The arrival of Change UK’s battle bus on the European election trail has attracted a flurry of comment – and quite a bit of scorn – on social media.
Critics have likened the vehicle to a package holiday coach from the 1980s and made fun of its somewhat clunky, black and white styling.
The prominence of its striped logo, which resembles a barcode, has led some to joke that the party has used Microsoft Word or Photoshop as a design template.
On a practical level, others have suggested the Union Jack is upside down.
No lesser an expert than the BBC’s Andrew Neil has suggested it is the “worst example” of political messaging he has seen in ages – and he can remember pretty much all of them.
But, if it’s any consolation to the new party, their vehicle joins an honourable tradition of battle buses that have been ridiculed for one reason or other.
When it comes to the livery of a political bus, it has often been a case of the brighter the better.
After all, when you roll into a town for a few hours before moving off somewhere else, it pays to get noticed.
The Lib Dems, with their stand-out yellow imagery, have often set the tone – as their suitably lurid 2017 election version proved.
The yellow, black and white colours could have been a tribute to Arsenal’s infamous away strip from the early 1990s.
The Conservatives have historically been more muted, although they broke with tradition in 2010 when they voted for change themselves in their choice of colour.
Beauty is in the eye of the beholder, of course.
To some, the above could be stylised depiction of the Union Jack; to others, it’s more like an advertisement for a certain brand of toothpaste.
Labour’s 2017 model was a deep red vintage, which some interpreted as a return to traditional socialist values after more indeterminate offerings.
But it certainly didn’t attract as much attention as the party’s 2015 Woman to Woman minibus.
Everyone could agree on the cause behind Harriet Harman’s initiative – an attempt to boost turnout among female voters.
But there was less consensus about the choice of pink for the vehicle. Some felt it was “patronising” and “sexist”, but Ms Harman insisted it was simply “eye-catching”.
British politics may have become more presidential over the years, but battle buses have always had a personalised feel to them.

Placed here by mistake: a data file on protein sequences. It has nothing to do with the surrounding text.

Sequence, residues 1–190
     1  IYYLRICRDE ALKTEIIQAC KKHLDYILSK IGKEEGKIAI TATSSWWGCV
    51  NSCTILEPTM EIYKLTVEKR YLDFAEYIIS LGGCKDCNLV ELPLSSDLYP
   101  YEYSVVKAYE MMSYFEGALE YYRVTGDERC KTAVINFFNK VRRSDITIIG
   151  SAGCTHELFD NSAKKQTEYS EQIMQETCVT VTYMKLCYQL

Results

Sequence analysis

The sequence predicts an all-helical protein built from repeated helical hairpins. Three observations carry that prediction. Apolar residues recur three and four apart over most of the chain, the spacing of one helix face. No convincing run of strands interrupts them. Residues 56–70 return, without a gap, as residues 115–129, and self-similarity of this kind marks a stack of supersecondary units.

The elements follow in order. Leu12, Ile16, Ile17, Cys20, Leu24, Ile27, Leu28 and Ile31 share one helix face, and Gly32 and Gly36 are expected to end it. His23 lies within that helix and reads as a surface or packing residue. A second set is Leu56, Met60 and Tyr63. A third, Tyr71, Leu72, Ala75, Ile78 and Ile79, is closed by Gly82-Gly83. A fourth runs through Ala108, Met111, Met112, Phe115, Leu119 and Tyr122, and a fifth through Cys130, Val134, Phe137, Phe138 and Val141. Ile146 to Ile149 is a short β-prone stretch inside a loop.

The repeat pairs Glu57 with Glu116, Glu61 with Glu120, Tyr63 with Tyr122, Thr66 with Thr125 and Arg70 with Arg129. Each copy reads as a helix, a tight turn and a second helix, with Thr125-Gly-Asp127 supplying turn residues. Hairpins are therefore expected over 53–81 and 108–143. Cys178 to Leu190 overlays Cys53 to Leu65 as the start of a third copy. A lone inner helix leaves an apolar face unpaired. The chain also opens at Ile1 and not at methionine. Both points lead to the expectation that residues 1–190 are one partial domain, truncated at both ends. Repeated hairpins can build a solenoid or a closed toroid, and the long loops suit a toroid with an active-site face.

Liberal leader David Steel has his own eponymous vehicle in the 1979 election campaign, complete with two TV sets, an electric typewriter and photocopier, and coffee-making facility, as well as its own washroom.
Tony Blair and Gordon Brown occasionally shared a bus during the 1997 and 2001 campaigns although, by 2005, this had become politically impossible.
But it’s not only party leaders who have had the privilege of their own transport.
Who can forget the Prescott Express from the 2001 election? Labour’s then deputy leader John Prescott will certainly not forget his visit to Rhyl during that campaign – which ended with perhaps the most famous punch-up in UK political history.
The Conservatives took the personal to a new level in 2017 when there was scarcely a mention of the party itself on the bus.
Instead, it was emblazoned with the message “Theresa May for Britain” and her promise of “strong and stable leadership”.
Should anyone have been in any doubt about the PM’s sincerity, her signature also appeared on the side.
This extra personal touch was first pioneered by David Cameron in 2015.
UKIP took this a step further in 2017 when it found room to include a signature and a full-size image of its leader Paul Nuttall on its bus, as well as the party’s logo and key pledges.
Critics suggested this visual overload was an attempt to address Mr Nuttall’s lack of name recognition compared with his predecessor Nigel Farage.
In the current European election campaign, Mr Farage has cut out the middle man – and indeed, the roof – by making himself ultra-visible in an open-top bus. The colour is the fetching baby blue of newcomer The Brexit Party.
Once upon a time, battle buses were relatively innocent things – as much about logistics as political messaging.
Even in the 1990s, the sloganeering was relatively low-key, as you can see from Labour’s “Leading for Britain” logo.
That all changed with the 2016 referendum.
The Vote Leave battle bus, with its claim that the NHS was in line for a £350m weekly windfall from Brexit, took campaigning to a new level.
It remains one of the most talked-about and disputed images – and pledges – in British political history.
For better or worse, battle buses now have more in common with sleek moving billboards than the trudging workhorses of yesteryear.
Both sides of the Brexit debate have been deploying them with intent in Westminster in the past few months.
In this age of increasingly digital campaigning, this rather old-fashioned trend seems to have a lot of life in it yet.